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Living with hydrocephalus.

A medical condition where the brain is unable to drain the fluid it produces away naturally. The build-up of fluid inside the brain causes pressure and this leads to serious neurological complications and eventually death if left untreated. Treatment is usually managed by insertion of a shunt (a tube to drain the fluid implanted inside the brain)

Diary Of A Suspect Shunt Malfunction: Surgery Next Week! Yay!

September 12, 2013

This is a run-on from the last Diary; it was getting a little long to follow and now I have a treatment plan so I thought it would be best to cover the actual treament/results here, to avoid endless scrolling in the other post!


Yesterday was a bad day.  My head was bad before I went to sleep and I woke up with it feeling just as bad.  Nothing helped it and by nine that morning I was starting to think I’d have to go to A&E.  I called my neurosurgeons secretary and spoke to her, as this is what the hydrocephalus nurse, Simon, had suggested I do if things got bad.  I spoke to her and she told me to go to my GP if possible, given that my local A&E department has not been  great at dealing with shunt problems before unless they were real emergencies, like obvious shunt infections.  My doctor was great; Dad took me there and she wrote a letter to the hospital whilst we were with her, faxed it over and then called them on the phone.  By two that afternoon she called back to say that I was now on the list to be brought in and I’d be hearing from the hospital in a couple of hours, which I did.  They have scheduled me in for admittance next Wednesday.  It’s a week away but they feel confident from my symptoms that it shouldn’t escalate into an emergency before that time.  If it does, I’m to go to A&E and they’ll haul me in from there.  I’m having ICP monitoring done first and then, depending on the results from that, a possible second surgery to correct whatever had gone wrong (if anything) with the shunt.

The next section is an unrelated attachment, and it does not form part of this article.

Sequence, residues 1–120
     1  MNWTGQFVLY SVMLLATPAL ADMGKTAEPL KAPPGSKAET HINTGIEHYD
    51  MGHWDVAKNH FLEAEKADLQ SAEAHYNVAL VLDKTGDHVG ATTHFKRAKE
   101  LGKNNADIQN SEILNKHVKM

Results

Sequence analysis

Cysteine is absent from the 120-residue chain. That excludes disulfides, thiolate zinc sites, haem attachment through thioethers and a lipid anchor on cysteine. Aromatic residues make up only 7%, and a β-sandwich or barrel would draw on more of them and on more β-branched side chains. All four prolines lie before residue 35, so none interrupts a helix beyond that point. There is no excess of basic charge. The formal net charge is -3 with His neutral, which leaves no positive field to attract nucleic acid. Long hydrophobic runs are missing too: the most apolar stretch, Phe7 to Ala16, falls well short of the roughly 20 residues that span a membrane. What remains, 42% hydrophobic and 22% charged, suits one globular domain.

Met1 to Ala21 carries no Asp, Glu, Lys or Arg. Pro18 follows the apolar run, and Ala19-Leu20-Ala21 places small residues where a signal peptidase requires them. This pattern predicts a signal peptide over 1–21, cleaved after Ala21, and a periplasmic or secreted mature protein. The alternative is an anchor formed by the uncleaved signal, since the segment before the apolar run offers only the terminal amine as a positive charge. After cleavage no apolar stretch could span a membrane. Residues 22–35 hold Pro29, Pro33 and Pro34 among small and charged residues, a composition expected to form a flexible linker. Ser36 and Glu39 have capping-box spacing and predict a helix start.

It’s a great relief; I feel I’ve done my bit.  I’ve tried to avoid the surgery, have taken care of myself, tried a pressure adjustment, rested and taken it easy and now that none of that has made the slightest bit of difference and if anything, I’ve got worse, it’s time to bring the surgeons in!  It’s funny how I was so determined after my thirty-ninth birthday to not have another surgery before my fortieth and now that it looks as though I’ll be having not one, but two surgeries before my fortieth, I’m not bothered in the slightest.  That’s because of the work on the shunt project I’ve done this year.  I’m so grateful to have access to excellent treatment (free treatment too!) and I have the knowledge that if my shunt has kicked the bucket, I’ll get a brand new one instantly, that it makes any inconvenience aspect pale into insignificance.  If anything it’s strengthened my resolve to get back on track with the project as soon as I am well again.